"88 Minutes" can't even live up to its title. With 19 -- count 'em, 19 -- producers, including director Jon Avnet, ensuring that every aspect of the film, from the script to the star's haircut, is ludicrous in the extreme, the picture easily snatches from "Revolution" the prize as Al Pacino's career worst.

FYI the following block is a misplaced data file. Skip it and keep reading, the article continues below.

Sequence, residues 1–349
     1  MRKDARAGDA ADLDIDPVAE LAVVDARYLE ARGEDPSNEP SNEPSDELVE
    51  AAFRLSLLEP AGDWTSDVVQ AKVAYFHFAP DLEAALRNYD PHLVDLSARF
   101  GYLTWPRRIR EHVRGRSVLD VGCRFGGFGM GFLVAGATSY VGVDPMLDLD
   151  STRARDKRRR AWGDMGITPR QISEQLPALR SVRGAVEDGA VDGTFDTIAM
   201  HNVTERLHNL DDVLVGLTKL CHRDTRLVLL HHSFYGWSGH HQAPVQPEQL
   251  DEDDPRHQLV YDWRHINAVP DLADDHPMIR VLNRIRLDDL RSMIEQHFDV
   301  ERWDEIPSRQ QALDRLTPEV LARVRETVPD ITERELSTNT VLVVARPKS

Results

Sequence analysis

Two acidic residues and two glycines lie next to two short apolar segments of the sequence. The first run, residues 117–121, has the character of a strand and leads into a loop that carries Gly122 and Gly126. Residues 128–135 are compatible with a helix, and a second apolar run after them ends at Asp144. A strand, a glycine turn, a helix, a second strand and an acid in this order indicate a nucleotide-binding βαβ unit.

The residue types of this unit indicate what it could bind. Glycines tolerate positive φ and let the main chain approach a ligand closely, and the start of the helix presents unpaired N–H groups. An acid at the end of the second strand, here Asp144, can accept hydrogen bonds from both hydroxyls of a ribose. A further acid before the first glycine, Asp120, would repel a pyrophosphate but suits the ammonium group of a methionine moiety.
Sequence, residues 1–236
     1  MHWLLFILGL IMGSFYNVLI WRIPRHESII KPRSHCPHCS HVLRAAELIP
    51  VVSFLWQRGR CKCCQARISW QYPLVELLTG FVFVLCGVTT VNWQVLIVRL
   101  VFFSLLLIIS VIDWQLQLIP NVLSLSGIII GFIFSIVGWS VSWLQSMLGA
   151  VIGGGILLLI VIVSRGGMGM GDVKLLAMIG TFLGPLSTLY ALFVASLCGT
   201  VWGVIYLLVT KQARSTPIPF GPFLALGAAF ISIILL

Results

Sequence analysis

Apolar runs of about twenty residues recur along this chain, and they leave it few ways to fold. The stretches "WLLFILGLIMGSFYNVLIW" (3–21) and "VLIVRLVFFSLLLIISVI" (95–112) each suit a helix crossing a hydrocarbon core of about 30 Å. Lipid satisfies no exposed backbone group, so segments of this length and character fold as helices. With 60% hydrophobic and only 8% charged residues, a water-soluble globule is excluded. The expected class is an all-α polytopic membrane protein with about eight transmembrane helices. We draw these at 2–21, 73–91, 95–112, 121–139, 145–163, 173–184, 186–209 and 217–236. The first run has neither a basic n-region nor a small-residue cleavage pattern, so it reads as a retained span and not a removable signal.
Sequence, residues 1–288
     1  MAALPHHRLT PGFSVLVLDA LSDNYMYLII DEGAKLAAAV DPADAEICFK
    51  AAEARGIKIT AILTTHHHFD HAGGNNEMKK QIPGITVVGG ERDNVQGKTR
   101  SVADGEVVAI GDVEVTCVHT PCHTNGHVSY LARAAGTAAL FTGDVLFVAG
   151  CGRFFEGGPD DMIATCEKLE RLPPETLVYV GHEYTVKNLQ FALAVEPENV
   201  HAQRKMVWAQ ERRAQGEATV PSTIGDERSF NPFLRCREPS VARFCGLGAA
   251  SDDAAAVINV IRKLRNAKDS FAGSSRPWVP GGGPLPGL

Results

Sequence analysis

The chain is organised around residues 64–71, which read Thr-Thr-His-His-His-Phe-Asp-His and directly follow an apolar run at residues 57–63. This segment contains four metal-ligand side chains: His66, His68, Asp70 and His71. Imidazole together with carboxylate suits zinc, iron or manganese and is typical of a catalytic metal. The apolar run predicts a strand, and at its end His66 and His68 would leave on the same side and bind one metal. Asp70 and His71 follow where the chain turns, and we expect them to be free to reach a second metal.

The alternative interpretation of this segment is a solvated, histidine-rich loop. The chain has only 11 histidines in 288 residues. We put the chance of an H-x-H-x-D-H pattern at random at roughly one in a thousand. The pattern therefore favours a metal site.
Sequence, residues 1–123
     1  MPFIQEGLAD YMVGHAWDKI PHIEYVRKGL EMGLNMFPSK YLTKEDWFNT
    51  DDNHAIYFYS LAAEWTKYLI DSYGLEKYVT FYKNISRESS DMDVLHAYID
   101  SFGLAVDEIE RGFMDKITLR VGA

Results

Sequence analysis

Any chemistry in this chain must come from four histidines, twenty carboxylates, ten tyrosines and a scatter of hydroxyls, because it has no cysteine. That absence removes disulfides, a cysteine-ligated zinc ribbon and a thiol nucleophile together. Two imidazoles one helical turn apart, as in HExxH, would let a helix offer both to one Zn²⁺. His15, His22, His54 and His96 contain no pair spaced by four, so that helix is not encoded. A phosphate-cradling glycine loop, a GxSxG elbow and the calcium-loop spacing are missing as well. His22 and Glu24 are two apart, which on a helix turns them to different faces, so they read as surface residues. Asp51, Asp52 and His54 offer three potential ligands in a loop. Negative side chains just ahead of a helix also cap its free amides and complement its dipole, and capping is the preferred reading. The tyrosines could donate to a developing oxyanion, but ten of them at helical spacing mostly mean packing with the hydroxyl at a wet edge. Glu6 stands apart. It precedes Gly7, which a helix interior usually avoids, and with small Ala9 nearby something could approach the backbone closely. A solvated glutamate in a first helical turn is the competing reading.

“88 Minutes” can’t even live up to its title. With 19 — count ’em, 19 — producers, including director Jon Avnet, ensuring that every aspect of the film, from the script to the star’s haircut, is ludicrous in the extreme, the picture easily snatches from “Revolution” the prize as Al Pacino’s career worst. Available on DVD in some territories as early as February 2007 and rolled out theatrically in France and elsewhere beginning in May of last year, this gape-inducing fiasco is getting a token domestic release that at least saves its star the indignity of a dump straight to homevid.But from the incompetently staged first scene, in which nubile Asian twins are strung up and tortured by a weirdo to the accompaniment of generic musical pummeling, this looks like something off the bargain horror rack. Nine years later, “Seattle Slayer” Jon Forster (Neal McDonough) is skedded to be executed for the crime, but on that very day, a virtually identical murder is committed that could be the work of a copycat, but might also call Forster’s guilt into question. Enter Dr. Jack Gramm (Pacino), a star forensic psychiatrist whose testimony landed Forster on death row. The operative word here is “star”; this guy has a goofy thatched haircut that by definition cost hundreds of dollars, a seeming perma-tan, a top-of-the-line Porsche and a high-tech designer condo that may rep the combined fantasies of the 19 producers. Jack also teaches at a local university where all his female students are babes, at least some of whom have crushes on him even though he’s past retirement age. In the interest of fair play, his male students are good-looking too, but in that cold, potential-serial-killer sort of way. Oh yeah, the dean of the law school (Deborah Kara Unger) is a babe, too. Not bad, either, is Jack’s loyal assistant Shelly (Amy Brenneman), who’s probably in love with her boss but is a lesbian, a detail that comes dubiously into play later on. More important, however, is Shelly’s function as a plot device; after Jack is informed by a mysterious caller that he will die in 88 minutes because of his role in determining Forster’s fate, it’s Shelly who’s on the cell phone relaying information and making contacts while Jack goes about his daily business. If Avnet and screenwriter Gary Scott Thompson (the first two “The Fast and the Furious” features, “Hollow Man,” “K-9”) had gone into lockdown mode at this point and adhered to a rigorous real-time format, perhaps they could have recouped some ground. But they couldn’t care less, as Jack moves hither and yon around town in ways that would take hours, makes dozens of calls (a good half the film’s dialogue is cell-phone conversation) and deals with an FBI man (William Forsythe) who suspects Jack committed the most recent murder. One particularly babelicious student, Kim (Alicia Witt), tags along on his quest but, scarcely a half-hour before Jack is supposed to die, takes time out to ask why he never got married and if he still wants kids. Finale looks more like a Cirque de Soleil routine than a realistic to-the-death faceoff, but then, if viewers aren’t laughing by this point, it means they’ve already walked out. Pacino rants and runs around, but without quite the sense of urgency one might imagine from someone in his extreme predicament. To play the babes, the 19 producers have seen fit to hire actresses (including Witt but especially Leelee Sobieski) with the uniform capacity to tower over the leading man, something for which he was surely grateful.